Other countries, like Japan and the PRC, simply can’t find enough workers to fill open positions. Their challenge will be to increase the pool of workers either by casting a wider net or finding ways to effectively onboard less skilled or experienced candidates.
Taking our cue from the GE demonstration, here are seven ways we see AR helping Southeast Asia ICTs overcome the skills shortage crisis.
#1 Overcome lack of experience – One way to onboard newer technicians is to have them job-shadow or apprentice with a more experienced worker who can demonstrate how to perform each task. AR can minimize the overhead of onboarding new technicians by overlaying virtual demonstrations on top of the work to be performed, eliminating the need to assign two individuals to every task. This will become increasingly important as the ratio of new hires to experienced workers increases.
#2 Shorten training time – Technical roles can’t always be taught effectively in the classroom setting. Training in a lab-type environment helps, but physical labs can be expensive to set up and maintain. Creating a virtual lab that allows the learner to interact with real-world simulation can provide a new hire with “hands-on” experience as needed from wherever they are.
#3 Reduce training expenses – Sending workers to a central location for training is expensive and takes time. If the training is for recertification, it also reduces valuable time in the field. Users can access AR training anywhere/anytime they have access to a VR device. Already, the cost of app development and the hardware (an advanced pair of AR glasses can cost a couple of thousand dollars) can be less than the cost of sending workers to a central location for training.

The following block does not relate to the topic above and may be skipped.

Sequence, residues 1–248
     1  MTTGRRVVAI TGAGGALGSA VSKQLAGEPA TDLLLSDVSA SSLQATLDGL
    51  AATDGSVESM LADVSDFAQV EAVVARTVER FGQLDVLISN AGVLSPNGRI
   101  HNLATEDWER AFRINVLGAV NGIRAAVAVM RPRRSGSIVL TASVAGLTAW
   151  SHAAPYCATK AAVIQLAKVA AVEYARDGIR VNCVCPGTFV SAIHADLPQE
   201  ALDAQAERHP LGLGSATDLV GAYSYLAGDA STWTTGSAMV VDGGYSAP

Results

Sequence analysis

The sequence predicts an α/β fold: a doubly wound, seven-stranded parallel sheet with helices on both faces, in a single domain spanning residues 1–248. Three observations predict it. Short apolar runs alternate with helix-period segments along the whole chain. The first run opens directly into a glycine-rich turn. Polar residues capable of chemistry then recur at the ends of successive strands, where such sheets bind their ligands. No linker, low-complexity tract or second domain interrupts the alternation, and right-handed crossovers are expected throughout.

#4 Address compliance requirements – For ICTs that need to comply with specific regulations or local business practices, hiring inexperienced workers is even more of an issue. AR puts processes and instructions at their fingertips, helping to ensure the proper procedures are followed.
#5 Overcome language barriers – Due to low birth rates, ICTs in countries like Japan are hiring an increasing number of foreign workers. AR can be programmed to provide instructions in multiple languages to help overcome the lack of language proficiency.
#6 Overcome learning disabilities – Around the world, the number of people being diagnosed with disabilities such as Asperger’s Syndrome and dyslexia are increasing. These challenges don’t preclude them from a career in ICT. In fact, people with Asperger’s may have a higher aptitude for ICT than the neurotypical population due to their often higher intellect and ability to focus on a task. AR can help individuals overcome their disabilities by tapping into their unique learning styles.
#7 Attract more workers – According to Cisco, the Asia Pacific region, which already accounts for the most data traffic, still grew by 71% in 2016 – second only to the Middle East and Africa, which grew at 96%. Electronic devices are a way of life for younger workers, and they expect to be able to use them on the job as well as off. An AR strategy can help ICTs present potential candidates with a more compelling career opportunity.
We Want to Hear from You!
Let us know how you see AR. Is it a technology you’re actively looking into, one you’re keeping an eye on, or are you not convinced yet that it holds promise for the ICT industry? We want to hear from you!